Thursday, August 28, 2008
What country and crime have in common.
Hard to believe, I know, but every now and then, more often lately, I can't stand to hear another news story. I don't care if it's about approaching Iranian nukes, George Bush overcoming his fear of horses or just the weather forecast, some days the sound of Maura Liason's voice makes my ears bleed.
When that happens, I hit the radio button that takes me to my guilty pleasure, country music.
I've been a secret listener for years and for a long trip across the big flat middle of the US, nothing beats country at 4 a.m. when you're cranking on caffeine and dexedrine and the headlights of the closest car look like dim and distant stars.
I grew up in a time when AM radio could go from Roger Miller to the Stones, to Ray Charles and the Beatles, all in a half hour block. So I was listening to country music before I knew I was listening to country music. Before my first kiss, I could sing all the lyrics of Miller's "King of the Road."
A few weeks ago, I turned away from the news and landed smack on Miranda Lambert singing a song called Gunpowder and Lead and the chorus blew me away:
I'm goin' home, gonna load my shotgun
Wait by the door and light a cigarette
He wants a fight well now he's got one
He ain't seen me crazy yet
"He ain't seen me crazy yet." Goddamn, that's good, and it's as close to noir as any writer could hope to get. That the song is from an album called "Crazy ex-Girlfriend" just makes it that much better.
In the following weeks, every time I listened, I heard echoes of themes from crime writing. Like this from Toby Keith (my listening is unspoiled by any political views the singer may or may not have. I don't give a fuck.) It's a song about getting older and I understand TK took the recurring title line from something Burt Reynolds said to him, and that makes it all the better.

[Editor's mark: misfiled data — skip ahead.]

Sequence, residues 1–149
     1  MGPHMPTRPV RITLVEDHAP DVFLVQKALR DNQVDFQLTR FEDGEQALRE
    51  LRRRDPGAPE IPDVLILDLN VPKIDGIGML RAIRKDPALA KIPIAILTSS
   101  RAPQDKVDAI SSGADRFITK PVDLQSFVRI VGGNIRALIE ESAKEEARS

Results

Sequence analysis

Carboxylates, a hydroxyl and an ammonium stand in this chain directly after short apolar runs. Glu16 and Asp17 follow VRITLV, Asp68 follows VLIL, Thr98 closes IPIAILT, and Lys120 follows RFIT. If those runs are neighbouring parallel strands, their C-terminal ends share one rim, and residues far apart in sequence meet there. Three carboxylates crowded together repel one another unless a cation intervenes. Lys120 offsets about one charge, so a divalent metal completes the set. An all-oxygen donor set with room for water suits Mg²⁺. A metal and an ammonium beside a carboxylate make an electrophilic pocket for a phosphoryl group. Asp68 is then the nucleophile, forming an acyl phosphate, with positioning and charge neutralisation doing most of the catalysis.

I ain't as good as I once was
I got a few years on me now
But there was a time back in my prime
When I could really lay it down
What man hasn't felt his youth slip away but out of pride, hung onto some shred of the guy he used to be. It's something I'm writing about now in my ongoing WIP.
And is there any better advice for a writer of crime fiction than this by Brooks and Dunn?
If you're world's got somethin missin
Just put a girl in it
Country music has its share of weepy numbers. Right now there's a maudlin piece of crap called You Can Let Go Now where a woman sings to her father that title line, first as a little girl learning to ride a bike. As soon as you hear it, you know that by the end of the song, that old man is going to be breathing his last in a hospital room. Maudlin and predictable, not something any writer should emulate.
There's a lot of God and Jesus in country, and that can be OK. Merle Haggard did "Crying Holy" and Carrie Underwood does a number called "Take the Wheel, Jesus," which I'm ashamed to admit I like. It's a weeper, yes, but it isn't nearly the crapfest that "You Can Let Go Now" is.
And I'll be the last one to condemn a little honest sentiment and faith in our characters. Just don't turn it into a Valerie Bertinelli movie.
I looked up the top 100 country music tunes and one list looked like this, and while I could argue that "Crazy" is a better selection from Pasty Cline, I can't complain about her being in second place after "Ring of Fire."
Here's the entire top 10.
1. Ring of Fire - Johnny Cash
2. Sweet Dreams - Patsy Cline
3. Mama Tried - Merle Haggard
4. He Stopped Loving Her Today - George Jones
5. Whiskey River - Willie Nelson
6. I'm So Lonesome I Could Cry
7. Faded Love - Bob Wills
8. Orange Blossom Special - Johnny Cash
9. King of the Road - Roger Miller
10. Cryin' Time - Ray Charles
So, tell me, what do you like to hear when you're on a long drive on a lonesome road and the only thing on your mind is a broken love or that convenience store just ahead, open and empty and just begging to be robbed?
Talk to me.